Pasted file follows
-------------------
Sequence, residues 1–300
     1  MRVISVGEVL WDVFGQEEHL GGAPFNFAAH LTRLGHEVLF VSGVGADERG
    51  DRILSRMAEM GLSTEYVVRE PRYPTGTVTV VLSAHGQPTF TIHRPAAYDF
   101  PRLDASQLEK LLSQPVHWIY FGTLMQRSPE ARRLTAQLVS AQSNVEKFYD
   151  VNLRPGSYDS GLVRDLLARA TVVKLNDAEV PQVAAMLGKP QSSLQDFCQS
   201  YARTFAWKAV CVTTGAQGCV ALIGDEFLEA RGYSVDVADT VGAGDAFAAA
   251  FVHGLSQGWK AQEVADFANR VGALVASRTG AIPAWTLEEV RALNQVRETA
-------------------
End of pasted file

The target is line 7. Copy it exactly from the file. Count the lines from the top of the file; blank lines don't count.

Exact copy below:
   251  FVHGLSQGWK AQEVADFANR VGALVASRTG AIPAWTLEEV RALNQVRETA